But What Does It Mean?
The survey results do a disservice a bit in conflating book challenges, censorship, and book banning. The ALA database covers book challenges, which don’t always result in a book ban. Censorship is a giant term and could mean anything from blacking out words or passages from books to making a book completely unavailable or more quiet and dangerous forms of censorship, such as gatekeepers purposefully choosing not to include a book in libraries or curriculum because of their own disagreement with it (or fear of what they might experience were they to have the book available). Quiet censorship is especially rampant when it comes to inclusive literature.
One of the limitations of SuperSummary’s study is the language of how we talk about and discuss sensitivity topics. When book challenges are brought public—either via the media or via the database ALA keeps—there are terms used to describe why the book is a problem, but those terms all mean different things to different people. What does it mean for a book to be “sexually explicit” or for it to depict “nudity?” Those definitions are in the minds of every individual and there’s no single consensus for them.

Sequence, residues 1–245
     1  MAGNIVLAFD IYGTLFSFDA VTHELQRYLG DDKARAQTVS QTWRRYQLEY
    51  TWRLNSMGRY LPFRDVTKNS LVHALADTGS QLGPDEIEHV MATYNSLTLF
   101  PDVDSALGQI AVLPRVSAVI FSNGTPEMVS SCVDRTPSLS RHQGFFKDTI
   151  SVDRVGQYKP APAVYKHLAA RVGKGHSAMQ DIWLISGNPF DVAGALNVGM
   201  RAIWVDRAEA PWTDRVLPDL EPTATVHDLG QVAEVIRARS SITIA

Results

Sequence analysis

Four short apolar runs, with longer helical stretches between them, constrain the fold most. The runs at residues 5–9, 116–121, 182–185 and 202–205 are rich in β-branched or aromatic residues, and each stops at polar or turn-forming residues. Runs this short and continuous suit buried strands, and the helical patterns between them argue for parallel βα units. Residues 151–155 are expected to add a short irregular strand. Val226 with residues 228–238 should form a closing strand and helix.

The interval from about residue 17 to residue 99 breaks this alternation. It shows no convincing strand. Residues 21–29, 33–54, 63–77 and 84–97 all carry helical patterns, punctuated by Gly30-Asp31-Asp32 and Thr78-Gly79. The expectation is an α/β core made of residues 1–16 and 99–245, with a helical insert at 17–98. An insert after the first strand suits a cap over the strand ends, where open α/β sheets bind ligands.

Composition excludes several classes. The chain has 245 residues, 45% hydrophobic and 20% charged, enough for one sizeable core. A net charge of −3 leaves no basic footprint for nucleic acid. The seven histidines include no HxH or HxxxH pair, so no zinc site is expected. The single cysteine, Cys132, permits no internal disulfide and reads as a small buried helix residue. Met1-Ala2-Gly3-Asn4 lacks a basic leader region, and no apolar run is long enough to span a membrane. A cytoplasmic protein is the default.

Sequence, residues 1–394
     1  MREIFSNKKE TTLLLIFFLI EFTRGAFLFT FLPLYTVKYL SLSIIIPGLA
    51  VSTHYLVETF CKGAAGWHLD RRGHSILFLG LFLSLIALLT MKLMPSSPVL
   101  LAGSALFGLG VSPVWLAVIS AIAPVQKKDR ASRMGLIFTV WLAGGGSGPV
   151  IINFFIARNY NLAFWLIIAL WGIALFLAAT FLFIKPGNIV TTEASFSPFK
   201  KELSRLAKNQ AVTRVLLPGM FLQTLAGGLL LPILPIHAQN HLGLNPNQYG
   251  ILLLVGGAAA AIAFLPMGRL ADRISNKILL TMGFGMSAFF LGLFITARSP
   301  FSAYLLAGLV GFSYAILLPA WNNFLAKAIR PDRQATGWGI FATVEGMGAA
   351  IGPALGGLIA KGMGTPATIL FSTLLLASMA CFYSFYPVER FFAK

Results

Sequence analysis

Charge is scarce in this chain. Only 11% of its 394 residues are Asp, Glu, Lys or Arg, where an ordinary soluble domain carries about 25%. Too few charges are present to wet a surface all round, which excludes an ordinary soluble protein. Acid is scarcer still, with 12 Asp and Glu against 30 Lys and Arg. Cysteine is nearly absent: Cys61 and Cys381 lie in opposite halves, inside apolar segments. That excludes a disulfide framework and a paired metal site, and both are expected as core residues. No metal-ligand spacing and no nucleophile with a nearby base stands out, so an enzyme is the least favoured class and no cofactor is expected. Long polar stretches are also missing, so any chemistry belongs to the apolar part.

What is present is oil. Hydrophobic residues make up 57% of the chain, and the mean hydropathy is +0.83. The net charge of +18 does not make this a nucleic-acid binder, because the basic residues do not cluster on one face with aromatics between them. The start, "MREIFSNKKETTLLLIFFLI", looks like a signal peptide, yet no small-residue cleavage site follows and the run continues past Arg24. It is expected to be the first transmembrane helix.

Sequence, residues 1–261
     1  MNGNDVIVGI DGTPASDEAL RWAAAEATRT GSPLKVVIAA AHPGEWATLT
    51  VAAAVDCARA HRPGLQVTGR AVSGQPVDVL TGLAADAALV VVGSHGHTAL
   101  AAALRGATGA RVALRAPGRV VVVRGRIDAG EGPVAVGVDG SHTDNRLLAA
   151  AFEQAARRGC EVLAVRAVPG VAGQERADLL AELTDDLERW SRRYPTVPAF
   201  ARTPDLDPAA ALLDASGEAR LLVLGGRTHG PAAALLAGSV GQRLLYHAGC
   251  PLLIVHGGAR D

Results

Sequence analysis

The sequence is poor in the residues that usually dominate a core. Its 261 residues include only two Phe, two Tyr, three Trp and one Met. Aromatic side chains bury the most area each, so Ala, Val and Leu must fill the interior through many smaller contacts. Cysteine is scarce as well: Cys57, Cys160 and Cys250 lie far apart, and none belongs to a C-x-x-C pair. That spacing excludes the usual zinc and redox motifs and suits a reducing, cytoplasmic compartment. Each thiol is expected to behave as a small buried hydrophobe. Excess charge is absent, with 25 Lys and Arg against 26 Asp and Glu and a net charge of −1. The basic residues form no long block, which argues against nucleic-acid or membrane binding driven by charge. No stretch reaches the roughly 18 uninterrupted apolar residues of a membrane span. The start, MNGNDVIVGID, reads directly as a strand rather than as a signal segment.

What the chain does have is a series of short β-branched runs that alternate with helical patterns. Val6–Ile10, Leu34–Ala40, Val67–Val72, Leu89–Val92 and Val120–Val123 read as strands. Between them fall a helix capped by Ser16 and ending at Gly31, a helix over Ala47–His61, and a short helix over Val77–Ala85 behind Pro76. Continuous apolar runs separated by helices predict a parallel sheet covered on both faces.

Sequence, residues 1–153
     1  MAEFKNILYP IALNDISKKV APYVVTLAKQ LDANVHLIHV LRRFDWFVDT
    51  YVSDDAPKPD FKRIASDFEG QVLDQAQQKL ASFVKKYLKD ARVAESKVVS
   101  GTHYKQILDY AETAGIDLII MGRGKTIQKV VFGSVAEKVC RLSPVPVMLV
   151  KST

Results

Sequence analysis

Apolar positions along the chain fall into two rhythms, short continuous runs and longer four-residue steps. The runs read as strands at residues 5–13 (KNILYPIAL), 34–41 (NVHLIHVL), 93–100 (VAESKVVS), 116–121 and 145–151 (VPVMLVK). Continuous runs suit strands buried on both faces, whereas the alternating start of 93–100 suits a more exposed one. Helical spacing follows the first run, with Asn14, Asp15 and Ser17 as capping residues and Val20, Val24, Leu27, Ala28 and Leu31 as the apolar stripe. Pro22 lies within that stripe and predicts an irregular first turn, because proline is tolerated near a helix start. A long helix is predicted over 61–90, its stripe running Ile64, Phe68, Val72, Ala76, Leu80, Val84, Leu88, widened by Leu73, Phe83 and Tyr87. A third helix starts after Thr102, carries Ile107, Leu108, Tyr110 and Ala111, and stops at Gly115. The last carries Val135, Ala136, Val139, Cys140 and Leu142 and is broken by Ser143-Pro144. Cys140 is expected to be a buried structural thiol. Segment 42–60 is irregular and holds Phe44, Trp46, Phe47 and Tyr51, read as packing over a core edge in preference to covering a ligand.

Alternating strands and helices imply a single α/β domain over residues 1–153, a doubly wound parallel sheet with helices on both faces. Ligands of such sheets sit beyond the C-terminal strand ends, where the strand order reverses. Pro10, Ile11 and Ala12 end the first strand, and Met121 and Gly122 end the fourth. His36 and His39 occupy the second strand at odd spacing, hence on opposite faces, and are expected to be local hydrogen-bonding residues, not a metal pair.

What does it mean for a book to be inappropriate for a child’s age and how does that relate to the school library? Any librarian working in a school library in America operates in loco parentis, meaning that they’re obligated to keep the safety of students at the forefront. This extends to the books in their collection, suggesting that school libraries already limit their materials to age-appropriate material.
Implementing a rating system for books would require a common language and belief in what appropriate language, violence, and “sexual content” mean or look like across the board. Being objective is impossible in this capacity, and even if the work were given to an outside body, like the MPAA for movie ratings, more complications would arise.
Book censorship is a reality, and for young people, it’s real and insidious. This is why inclusive books have become especially vital in recent years as more books featuring a diverse human experience have found their way to more shelf space—and why we’ve seen a rise in those books being challenged.
*SuperSummary surveyed 1,007 American parents, of which 547 self-identified as female, 457 self-identified male, and three self-identified as neither male nor female (further details on what this means were not made available).